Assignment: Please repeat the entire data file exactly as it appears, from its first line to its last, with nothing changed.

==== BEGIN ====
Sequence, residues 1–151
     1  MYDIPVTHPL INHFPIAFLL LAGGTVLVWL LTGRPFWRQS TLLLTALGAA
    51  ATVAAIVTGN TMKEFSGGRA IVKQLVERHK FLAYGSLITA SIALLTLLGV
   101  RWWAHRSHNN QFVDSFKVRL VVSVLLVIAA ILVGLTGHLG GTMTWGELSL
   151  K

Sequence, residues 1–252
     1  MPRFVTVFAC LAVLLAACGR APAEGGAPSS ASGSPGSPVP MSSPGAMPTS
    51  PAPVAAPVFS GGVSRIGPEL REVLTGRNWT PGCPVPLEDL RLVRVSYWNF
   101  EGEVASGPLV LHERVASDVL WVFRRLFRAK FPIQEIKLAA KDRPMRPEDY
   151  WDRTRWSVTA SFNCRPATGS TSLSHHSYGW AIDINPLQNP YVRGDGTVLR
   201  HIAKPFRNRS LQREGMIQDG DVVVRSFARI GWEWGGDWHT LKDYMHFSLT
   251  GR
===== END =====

Sequence, residues 1–151
     1  MYDIPVTHPL INHFPIAFLL LAGGTVLVWL LTGRPFWRQS TLLLTALGAA
    51  ATVAAIVTGN TMKEFSGGRA IVKQLVERHK FLAYGSLITA SIALLTLLGV
   101  RWWAHRSHNN QFVDSFKVRL VVSVLLVIAA ILVGLTGHLG GTMTWGELSL
   151  K

Sequence, residues 1–252
     1  MPRFVTVFAC LAVLLAACGR APAEGGAPSS ASGSPGSPVP MSSPGAMPTS
    51  PAPVAAPVFS GGVSRIGPEL REVLTGRNWT PGCPVPLEDL RLVRVSYWNF
   101  EGEVASGPLV LHERVASDVL WVFRRLFRAK FPIQEIKLAA KDRPMRPEDY
   151  WDRTRWSVTA SFNCRPATGS TSLSHHSYGW AIDINPLQNP YVRGDGTVLR
   201  HIAKPFRNRS LQREGMIQDG DVVVRSFARI GWEWGGDWHT LKDYMHFSLT
   251  GR